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  • R!Solo: Office Job for Solo Multi-Percussion by Matthew Richmond

    by Rhythm Scene Staff | Dec 01, 2019

    “Office Job” was inspired by fidgeting at my desk, wondering what instrumentation I should choose for the new multi-percussion piece I needed to write for PAS. The usual types of setups weren’t interesting me, and I was searching for something unusual. As so many of us percussionists do, I started tapping absentmindedly with my pen; before long I was excitedly trying out everything within arm’s reach to see what sounds I could combine. The stapler was good, but when I remembered the childhood buzzing-ruler sound I knew I had a piece.

    Here are a few pointers for playing “Office Job”:

    • Right-handed players should hold the ruler on the desk with their left hand and have a pen or pencil in their right hand. The left hand moves the ruler to change pitch and the right hand does everything else.

    • These are obviously non-standard instruments, so every person who plays this piece will have a slightly different sonic palette. Experiment! Take the importance of tone as seriously as you would on any other instrument. You may be surprised at how much variety is available. For example, I found that small changes in pressure with my left hand would change the tone of the ruler dramatically.

    • While there are no definite pitches in this piece, the ruler is pseudo-melodic, and the pitches of the coffee cup and water bottle interact with the ruler and each other. Find pitches that sound good to you (adding liquid to the cup and bottle can help), and try to be as consistent as possible with the placement of the ruler.

    • Dynamics are a challenge! Do the best you can but remember that you can only get so much expressive range with a stapler. You can make up for some of the shortfall by having lots of contrast on the instruments that are more capable of change. But this is by nature an intimate, close-up piece, so subtlety of dynamics is just fine.



    Office Job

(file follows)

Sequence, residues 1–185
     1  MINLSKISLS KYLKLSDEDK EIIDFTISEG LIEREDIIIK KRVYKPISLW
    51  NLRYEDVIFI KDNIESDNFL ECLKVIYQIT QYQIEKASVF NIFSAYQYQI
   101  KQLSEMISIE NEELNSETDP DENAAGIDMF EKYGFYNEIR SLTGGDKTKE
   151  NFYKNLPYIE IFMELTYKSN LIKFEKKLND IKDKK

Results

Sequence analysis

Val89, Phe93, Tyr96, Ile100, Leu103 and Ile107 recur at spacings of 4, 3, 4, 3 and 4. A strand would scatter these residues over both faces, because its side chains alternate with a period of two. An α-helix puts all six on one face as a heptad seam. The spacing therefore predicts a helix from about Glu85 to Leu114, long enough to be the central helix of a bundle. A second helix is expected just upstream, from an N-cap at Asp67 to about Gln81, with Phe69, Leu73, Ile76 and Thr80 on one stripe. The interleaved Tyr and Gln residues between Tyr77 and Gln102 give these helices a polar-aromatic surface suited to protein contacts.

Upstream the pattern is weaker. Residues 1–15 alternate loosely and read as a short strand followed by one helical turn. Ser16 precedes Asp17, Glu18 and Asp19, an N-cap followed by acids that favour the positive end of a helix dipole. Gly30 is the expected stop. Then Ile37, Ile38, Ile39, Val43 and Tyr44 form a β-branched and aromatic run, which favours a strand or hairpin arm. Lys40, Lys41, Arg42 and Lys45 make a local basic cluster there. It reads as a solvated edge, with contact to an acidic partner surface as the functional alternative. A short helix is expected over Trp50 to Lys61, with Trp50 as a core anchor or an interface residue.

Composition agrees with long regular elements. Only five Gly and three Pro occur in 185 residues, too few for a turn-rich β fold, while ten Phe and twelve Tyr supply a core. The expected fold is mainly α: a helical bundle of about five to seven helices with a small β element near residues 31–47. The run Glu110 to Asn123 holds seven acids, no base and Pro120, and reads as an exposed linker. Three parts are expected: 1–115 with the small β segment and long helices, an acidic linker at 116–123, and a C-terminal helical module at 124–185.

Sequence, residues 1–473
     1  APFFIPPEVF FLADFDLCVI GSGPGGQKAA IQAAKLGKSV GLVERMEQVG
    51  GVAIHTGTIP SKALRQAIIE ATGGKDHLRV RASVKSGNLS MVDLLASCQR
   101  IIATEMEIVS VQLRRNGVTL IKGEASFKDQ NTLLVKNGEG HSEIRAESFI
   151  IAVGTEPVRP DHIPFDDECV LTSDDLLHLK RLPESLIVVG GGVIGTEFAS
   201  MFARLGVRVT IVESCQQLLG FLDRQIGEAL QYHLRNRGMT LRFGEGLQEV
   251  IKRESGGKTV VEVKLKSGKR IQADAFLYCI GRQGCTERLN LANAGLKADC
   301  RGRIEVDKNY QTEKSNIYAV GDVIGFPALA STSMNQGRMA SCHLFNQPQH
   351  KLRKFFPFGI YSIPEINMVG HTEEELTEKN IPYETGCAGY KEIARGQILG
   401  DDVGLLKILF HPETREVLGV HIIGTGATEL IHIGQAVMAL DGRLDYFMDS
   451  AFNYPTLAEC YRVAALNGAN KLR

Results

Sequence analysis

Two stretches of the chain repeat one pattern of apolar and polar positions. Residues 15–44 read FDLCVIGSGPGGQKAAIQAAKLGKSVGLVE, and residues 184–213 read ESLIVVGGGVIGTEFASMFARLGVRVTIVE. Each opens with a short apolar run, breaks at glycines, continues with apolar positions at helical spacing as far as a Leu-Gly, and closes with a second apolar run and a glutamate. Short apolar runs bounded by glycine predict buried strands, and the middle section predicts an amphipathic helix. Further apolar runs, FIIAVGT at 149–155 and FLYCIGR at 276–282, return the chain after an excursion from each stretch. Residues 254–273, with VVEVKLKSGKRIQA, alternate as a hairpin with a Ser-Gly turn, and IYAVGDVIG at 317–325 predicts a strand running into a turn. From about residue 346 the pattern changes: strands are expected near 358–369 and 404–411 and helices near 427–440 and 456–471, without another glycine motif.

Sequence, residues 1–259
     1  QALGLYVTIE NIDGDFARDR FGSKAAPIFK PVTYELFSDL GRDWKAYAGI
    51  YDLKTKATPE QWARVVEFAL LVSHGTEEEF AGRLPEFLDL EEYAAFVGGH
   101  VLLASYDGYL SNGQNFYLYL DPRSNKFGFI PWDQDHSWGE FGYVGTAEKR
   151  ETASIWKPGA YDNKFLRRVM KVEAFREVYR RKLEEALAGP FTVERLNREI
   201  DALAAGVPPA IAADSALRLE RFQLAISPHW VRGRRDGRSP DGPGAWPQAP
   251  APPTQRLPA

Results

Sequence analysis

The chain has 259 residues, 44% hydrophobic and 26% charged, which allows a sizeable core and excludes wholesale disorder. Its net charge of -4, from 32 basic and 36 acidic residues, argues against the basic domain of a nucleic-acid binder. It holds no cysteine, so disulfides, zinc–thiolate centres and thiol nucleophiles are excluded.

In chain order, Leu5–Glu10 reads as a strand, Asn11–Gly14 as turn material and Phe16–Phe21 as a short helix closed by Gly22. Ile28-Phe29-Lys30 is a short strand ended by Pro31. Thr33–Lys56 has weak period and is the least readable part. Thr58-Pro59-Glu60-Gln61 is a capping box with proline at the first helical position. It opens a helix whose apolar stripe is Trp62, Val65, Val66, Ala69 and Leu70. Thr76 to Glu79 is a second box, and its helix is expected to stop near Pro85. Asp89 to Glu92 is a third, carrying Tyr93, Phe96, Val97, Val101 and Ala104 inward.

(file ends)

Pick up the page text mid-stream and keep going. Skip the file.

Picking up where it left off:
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    Matthew RichmondMatthew Richmond is a percussionist, composer, recording artist, and educator in Asheville, North Carolina. He teaches percussion, composition, and other subjects at the UNC Asheville and is the principal percussionist of the Asheville Symphony Orchestra. He contributed vibraphone and percussion to Infinity Plus One by Secret Agent 23 Skidoo, which won the 2017 Grammy Award for Best Children’s Album. He has also performed and/or recorded with Jonathan Scales, Lizz Wright, Jeff Sipe, Free Planet Radio, Billy Jonas, Kevin Spears, Kat Williams, and many others. Matthew loves musical theater, and he has played or music directed more than 70 productions from Amélie to Zombie Prom. He has also composed and directed music for dance and drama performances by Asheville Ballet, Norte Marr, TheaterUNCA, Black Swan Theatre, and The Road Company, and created the score for the feature film Flight of the Cardinal (Gaston Pictures).
     
  • R!Solo: Right or Left? for Solo Timpani by Nicholaus Meyers

    by Rhythm Scene Staff | Oct 01, 2019

    “Right or Left” is an intermediate-level timpani solo written as an exploration of figures leading with both the right and left hands. When performing this solo, be sure to follow the sticking patterns given. Where a specific sticking is not indicated, simply maintain the idea of the patterns presented up to that point. All sticking indications are based on a French timpani setup (lowest drum to the player’s left); if using a German setup (lowest drum to the player’s right), simply reverse the stickings indicated. When performing other solo works or timpani parts in ensembles, the sticking concepts presented in this solo will hopefully be something you can apply to that music. 

    Right or Left
     


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    Nick MeyersDr. Nicholaus Meyers
    is Director of Bands and Percussion at East Central University in Ada, Oklahoma. He is an active composer, conductor, and performer, giving clinics and masterclasses throughout the United States. Additionally, he is the Chair of the PAS Composition Committee and past President of the North Dakota PAS Chapter. 

  • R!Solo: The Backbeat of Paris for Solo Rudimental Snare Drum by Francisco Perez

    by Rhythm Scene Staff | Aug 01, 2019

    “The Backbeat of Paris” is a short, upbeat rudimental solo for the intermediate snare drummer. Lightly inspired by the ancient rudimental snare drum solo “The Downfall of Paris,” this solo juxtaposes bits of modern drum corps vocabulary and Afro-Cuban lilt against a traditional style. 

    I recommend practicing this solo significantly under tempo with a metronome to work out any tricky stickings and rhythms to ensure relaxed technique as well as a consistent sound and tempo. Additionally, feel free to add your own expression with nuanced dynamics, such as a slight crescendo during the sextuplet-based seven-stroke rolls in section A and C. Good luck!

    The Backbeat of Paris

     

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    Dr. Francisco PerezDr. Francisco Perez is a percussionist, composer, and educator from Pflugerville, Texas and serves as Assistant Professor of Music (Percussion) at Lamar University in Beaumont, Texas. As an active performer, he has accepted international engagements in Guatemala, Honduras, Mexico, Spain, and China, toured extensively throughout the U.S., and regularly performs with the BlueSHIFT Percussion Quartet. For more information about Francisco and his compositions/arrangements, visit: www.perezperc.com

     

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